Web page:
Easyjet disabled passengers inquiry planned

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Easyjet tail fin
Image caption,
Easyjet says it reserves the right to refuse passengers for safety reasons

France's Transport Minister, Dominique Bussereau, has called for an inquiry into allegations that low-cost airline Easyjet barred disabled passengers from flying unaccompanied.

He ordered the move after reports that Easyjet had refused to fly disabled passengers on safety grounds.

They were told they must be accompanied by another passenger in order to board the plane.

Easyjet said they were simply complying with safety regulations.

"European safety regulations require that all passengers are able to evacuate an aircraft within 90 seconds and therefore we require that some passengers with reduced mobility have a travel companion," a spokesman for the company said.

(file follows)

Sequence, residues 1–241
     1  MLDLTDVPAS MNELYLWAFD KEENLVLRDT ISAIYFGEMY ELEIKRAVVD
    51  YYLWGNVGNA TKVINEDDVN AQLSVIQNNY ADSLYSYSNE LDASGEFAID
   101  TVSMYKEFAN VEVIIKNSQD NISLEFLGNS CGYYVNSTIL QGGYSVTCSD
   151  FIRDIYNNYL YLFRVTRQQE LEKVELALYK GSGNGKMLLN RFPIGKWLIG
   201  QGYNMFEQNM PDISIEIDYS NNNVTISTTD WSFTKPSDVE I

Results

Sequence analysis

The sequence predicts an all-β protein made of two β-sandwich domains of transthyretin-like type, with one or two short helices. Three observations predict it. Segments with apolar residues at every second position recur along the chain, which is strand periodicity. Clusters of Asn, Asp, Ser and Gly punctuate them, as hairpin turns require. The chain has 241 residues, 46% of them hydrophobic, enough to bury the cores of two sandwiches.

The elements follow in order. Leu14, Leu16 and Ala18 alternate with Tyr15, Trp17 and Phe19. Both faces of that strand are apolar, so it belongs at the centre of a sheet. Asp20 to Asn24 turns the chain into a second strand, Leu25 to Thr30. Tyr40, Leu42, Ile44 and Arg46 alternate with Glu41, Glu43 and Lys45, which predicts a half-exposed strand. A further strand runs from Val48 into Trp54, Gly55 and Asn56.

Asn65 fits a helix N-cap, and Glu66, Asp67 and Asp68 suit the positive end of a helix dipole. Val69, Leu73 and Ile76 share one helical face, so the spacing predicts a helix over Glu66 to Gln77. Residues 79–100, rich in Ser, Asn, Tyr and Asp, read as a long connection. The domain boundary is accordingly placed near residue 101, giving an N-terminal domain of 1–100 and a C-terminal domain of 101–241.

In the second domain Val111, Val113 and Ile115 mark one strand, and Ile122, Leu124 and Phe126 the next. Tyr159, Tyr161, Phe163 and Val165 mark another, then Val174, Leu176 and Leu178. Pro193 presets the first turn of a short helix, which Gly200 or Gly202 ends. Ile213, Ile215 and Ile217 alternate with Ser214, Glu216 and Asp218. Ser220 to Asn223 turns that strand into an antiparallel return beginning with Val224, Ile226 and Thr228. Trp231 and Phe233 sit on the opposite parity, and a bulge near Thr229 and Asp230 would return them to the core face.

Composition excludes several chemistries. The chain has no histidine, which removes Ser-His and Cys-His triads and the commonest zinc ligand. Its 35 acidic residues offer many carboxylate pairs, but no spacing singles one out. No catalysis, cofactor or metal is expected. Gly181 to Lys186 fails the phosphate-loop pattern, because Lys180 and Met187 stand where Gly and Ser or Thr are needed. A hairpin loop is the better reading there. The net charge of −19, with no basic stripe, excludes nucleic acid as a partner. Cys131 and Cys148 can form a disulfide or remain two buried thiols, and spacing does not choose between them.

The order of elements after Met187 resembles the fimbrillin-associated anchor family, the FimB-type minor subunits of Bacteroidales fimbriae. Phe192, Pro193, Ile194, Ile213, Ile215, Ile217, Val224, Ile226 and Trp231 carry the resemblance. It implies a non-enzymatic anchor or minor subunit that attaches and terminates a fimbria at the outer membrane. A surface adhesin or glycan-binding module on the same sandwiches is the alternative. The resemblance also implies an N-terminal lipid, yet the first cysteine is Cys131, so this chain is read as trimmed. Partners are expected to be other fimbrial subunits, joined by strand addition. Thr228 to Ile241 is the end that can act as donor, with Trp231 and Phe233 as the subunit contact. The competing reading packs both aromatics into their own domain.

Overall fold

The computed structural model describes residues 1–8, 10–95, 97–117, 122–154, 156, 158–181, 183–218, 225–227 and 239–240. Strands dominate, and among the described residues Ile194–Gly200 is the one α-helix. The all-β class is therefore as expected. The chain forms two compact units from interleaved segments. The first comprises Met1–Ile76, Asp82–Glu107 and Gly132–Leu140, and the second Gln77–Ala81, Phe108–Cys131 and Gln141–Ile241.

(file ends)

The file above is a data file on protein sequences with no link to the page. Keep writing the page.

"We are already in discussion with the French government to find a workable solution for our passengers without compromising safety."

'Severe sanctions' threat

On the airline's website, it says it that unaccompanied disabled passengers must be "self-reliant in emergency and evacuation situations".

"In reality, this means that you should be able to undo your own seatbelt, put on your own oxygen mask, lifejacket and make your own way to your nearest emergency exit unaided."

In a statement on the French transport ministry's website, Mr Bussereau said the airline should not be allowed to "hide behind safety regulations".

"It must implement solutions adapted to each case, as most companies do. Otherwise it must be sanctioned with the greatest severity," he said.

Mr Bussereau has asked the French civil aviation authority DGAC to conduct the investigation.

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